A Naturopath's Human Experiment Ends In Death

By Julianna LeMieux — Mar 23, 2017
Turmeric pills are the latest version of snake oil promoted by healers and naturopaths. And although that may be bad, it's not as bad as their latest trick – administering turmeric using an IV and killing an otherwise healthy person.

It is one thing for a naturopath to push turmeric, the latest fad in fancy snake oils, as a cure all for everything from your bad sex life to diabetes. Because turmeric is metabolized so quickly in the stomach (it is used in food, after all) it is generally not dangerous and amounts to a lot of false hopes and wasted money.

It is another thing entirely for these 'healers' to hook a healthy person up to an IV and pump turmeric into their veins.

Unfortunately, that is what happened to Jade Erick, a 30 year-old woman who is dead because she opted for 'holistic health' to treat her eczema. Our vascular surgeon, Dr. Charles Dinerstein, suggests that, based on the information we have, "it seems that she may have suffered from an allergic reaction resulting in a cardiac arrest." Indeed, the San Diego County Medical Examiner went one step further to link that cardiac arrest directly to the IV. They ruled that the cause of her death was “anoxic encephalopathy due to prolonged resuscitated cardiopulmonary arrest due to adverse reaction to infused turmeric solution.”

But, what in the turmeric solution actually killed Jade Erick? The most obvious possibility is that Ms. Erick has an allergy to turmeric itself. However, there are other possibilities. In order to get the turmeric powder into a solution, it has to be solubilized (dissolved into a solution.) If this was not done properly, tiny particles of turmeric would be present in the solution - something that would stop a heart immediately. In order to create a solubilized solution, an emulsifier is required - another component that she made have had an adverse reaction to. Lastly, the turmeric could not have been pure turmeric. Turmeric has been allegedly contaminated with heavy metals in the past - it is not a huge leap to think that a wellness clinic was not using 100% pure turmeric. Spices do not exactly go through the same checks and balances as drugs that are intended to enter the bloodstream.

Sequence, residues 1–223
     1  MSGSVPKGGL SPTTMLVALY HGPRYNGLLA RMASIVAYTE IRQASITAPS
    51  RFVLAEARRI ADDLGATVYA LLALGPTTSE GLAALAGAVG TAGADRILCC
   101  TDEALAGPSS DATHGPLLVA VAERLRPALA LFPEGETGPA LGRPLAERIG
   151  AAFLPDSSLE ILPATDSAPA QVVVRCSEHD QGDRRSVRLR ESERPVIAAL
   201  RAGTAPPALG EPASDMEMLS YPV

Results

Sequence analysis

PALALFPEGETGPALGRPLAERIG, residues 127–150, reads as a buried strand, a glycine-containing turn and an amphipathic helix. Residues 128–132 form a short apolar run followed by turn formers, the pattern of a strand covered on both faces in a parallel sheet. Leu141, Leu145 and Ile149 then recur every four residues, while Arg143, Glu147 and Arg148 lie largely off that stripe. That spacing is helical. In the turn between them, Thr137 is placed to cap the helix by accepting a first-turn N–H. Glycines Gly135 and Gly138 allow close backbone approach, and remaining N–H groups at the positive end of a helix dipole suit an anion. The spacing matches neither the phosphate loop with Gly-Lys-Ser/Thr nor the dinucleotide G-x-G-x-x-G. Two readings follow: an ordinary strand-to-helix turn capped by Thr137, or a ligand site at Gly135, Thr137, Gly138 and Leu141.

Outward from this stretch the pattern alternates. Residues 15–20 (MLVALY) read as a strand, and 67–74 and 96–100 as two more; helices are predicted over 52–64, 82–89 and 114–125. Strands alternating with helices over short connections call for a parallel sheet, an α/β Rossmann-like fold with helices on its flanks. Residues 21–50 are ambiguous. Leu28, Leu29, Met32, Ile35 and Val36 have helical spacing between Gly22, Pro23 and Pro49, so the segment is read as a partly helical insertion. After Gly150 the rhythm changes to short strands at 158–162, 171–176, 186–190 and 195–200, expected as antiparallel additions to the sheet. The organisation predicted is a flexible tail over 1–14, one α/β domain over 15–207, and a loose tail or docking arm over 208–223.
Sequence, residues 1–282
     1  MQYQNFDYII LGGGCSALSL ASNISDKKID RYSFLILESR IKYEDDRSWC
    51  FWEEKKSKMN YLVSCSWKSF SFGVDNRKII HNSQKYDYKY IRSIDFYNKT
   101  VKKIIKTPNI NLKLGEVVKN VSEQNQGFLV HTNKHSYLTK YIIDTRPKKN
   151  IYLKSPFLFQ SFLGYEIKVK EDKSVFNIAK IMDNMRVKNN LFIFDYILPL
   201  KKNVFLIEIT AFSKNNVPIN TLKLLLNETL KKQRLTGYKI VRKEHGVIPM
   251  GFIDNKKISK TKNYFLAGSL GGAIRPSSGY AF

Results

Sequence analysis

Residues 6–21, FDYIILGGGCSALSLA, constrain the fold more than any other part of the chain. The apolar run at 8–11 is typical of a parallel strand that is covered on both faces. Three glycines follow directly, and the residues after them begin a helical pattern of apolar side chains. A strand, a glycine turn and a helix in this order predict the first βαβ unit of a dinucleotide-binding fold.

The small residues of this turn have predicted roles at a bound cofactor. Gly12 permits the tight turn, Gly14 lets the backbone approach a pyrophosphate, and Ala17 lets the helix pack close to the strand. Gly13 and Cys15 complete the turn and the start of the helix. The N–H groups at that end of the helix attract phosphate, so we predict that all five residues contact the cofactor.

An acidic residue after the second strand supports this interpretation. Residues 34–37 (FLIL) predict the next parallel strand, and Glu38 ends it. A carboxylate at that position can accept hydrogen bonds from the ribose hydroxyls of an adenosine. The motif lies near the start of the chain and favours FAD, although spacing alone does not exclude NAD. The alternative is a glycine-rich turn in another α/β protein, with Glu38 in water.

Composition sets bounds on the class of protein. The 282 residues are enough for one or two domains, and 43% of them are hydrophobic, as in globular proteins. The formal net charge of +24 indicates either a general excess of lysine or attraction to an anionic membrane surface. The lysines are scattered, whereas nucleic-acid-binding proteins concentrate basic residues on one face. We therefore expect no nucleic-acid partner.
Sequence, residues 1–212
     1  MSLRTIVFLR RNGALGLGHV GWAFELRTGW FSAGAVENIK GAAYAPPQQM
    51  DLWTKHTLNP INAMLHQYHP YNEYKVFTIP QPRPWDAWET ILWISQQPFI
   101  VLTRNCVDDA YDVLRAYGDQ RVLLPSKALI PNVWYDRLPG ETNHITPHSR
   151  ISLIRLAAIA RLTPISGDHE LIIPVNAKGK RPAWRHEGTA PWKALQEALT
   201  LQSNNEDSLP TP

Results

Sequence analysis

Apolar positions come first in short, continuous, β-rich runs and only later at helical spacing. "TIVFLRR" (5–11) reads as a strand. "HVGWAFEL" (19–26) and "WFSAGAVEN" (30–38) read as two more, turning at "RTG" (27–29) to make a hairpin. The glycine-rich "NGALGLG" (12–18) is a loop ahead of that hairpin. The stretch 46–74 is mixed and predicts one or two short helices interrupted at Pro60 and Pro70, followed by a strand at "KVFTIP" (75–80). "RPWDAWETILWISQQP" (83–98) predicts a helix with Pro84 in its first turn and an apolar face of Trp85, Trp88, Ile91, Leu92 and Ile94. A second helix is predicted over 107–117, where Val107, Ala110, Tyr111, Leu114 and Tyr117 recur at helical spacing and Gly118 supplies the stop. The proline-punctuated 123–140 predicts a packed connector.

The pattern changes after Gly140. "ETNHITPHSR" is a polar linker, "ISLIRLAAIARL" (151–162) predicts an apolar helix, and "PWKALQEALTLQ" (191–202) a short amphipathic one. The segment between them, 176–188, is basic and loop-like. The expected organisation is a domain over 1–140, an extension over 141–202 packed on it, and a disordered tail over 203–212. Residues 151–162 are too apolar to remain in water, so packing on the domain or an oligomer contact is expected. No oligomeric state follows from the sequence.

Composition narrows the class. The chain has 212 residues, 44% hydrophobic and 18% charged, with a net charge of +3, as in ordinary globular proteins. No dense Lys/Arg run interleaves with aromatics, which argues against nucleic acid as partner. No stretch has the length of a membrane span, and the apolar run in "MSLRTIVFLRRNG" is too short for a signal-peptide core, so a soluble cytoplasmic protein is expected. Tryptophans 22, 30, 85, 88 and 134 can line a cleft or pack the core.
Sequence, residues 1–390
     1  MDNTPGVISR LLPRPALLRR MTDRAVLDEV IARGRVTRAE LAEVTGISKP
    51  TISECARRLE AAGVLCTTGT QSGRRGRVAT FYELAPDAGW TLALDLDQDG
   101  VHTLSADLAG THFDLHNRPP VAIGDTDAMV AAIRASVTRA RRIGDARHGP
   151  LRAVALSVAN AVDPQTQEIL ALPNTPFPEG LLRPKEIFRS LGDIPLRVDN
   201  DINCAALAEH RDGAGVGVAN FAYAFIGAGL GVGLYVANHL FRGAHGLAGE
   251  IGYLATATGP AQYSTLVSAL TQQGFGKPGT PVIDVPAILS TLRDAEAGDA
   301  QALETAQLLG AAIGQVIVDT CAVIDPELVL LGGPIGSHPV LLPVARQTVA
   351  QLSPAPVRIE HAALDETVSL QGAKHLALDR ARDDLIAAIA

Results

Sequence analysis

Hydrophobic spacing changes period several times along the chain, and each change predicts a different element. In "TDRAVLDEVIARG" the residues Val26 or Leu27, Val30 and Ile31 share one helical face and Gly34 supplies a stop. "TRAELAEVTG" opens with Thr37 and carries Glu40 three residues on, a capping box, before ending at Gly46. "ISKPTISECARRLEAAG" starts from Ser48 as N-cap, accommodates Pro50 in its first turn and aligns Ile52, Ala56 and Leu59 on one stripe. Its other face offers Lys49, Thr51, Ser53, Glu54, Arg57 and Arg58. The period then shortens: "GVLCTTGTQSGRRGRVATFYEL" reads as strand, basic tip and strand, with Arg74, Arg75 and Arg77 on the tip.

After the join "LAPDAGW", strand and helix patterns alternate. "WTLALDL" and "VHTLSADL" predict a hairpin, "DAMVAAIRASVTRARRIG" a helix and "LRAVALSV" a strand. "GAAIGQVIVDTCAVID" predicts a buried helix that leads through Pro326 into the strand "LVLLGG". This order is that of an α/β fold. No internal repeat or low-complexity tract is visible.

In the original report on abc, Mark Stengler, a naturopath, was interviewed regarding the use of IV turmeric in naturopathic practices. He said, “There are some doctors who use Turmeric extract in IV form to try and heighten the physiological effects, so the anti-inflammatory effects of the turmeric,” Stengler explained. “It hasn’t been well studied. It’s more theoretical, so it’s more investigational.”

Investigational? The definition of investigational is "a drug or medical procedure that is not approved for general use but is under investigation in clinical trials regarding its safety and efficacy." Or, something that you can get at a quack clinic in Encinitas that has absolutely no idea what they are doing.

So, why are naturopaths able to perform investigational procedures (otherwise known as experiments) on people? In order for a scientist to even draw blood from someone, an institutional review board (IRB) approval needs to be granted. It's no news that naturopaths don't play by the same rules as physicians and don't have the same oversight. They are licensed in twenty states, each with a state board to oversee them, and California is no different.

Another part of this tragic story that has sparked our curiosity is how prepared this facility (or any similar facility) is for an adverse reaction or a medical emergency? They should have the ability to provide 'advanced life support' - a crash cart with medicines that can be used in the event of a cardiac arrest and routine drills to ensure preparedness and someone who knows how to use it. Ironically, people go to these centers for 'healing' and 'holistic health' and to avoid medicine. But, the absence of medical interventions means that people can and do die.

Although it is difficult to get a sense of how many people are receiving IV turmeric 'infusions', the promotion of IV turmeric is all over the internet. So, although Ms. Erick may be the first to die from a turmeric infusion, she will most certainly not be the last.

If you swallow snake venom, you'll be fine. But, if you get bit by a snake - you're dead. And, the fact that naturopaths can't understand the difference between these two means that they are not qualified to put a band aid on someone, let alone treat people for disease. 

The Medical Examiner is calling Erick’s death an accident, although it is still being investigated. How many needless deaths will it take to stop naturopaths from being allowed to kill people? 



The committee regulations of IV administration in California can be found here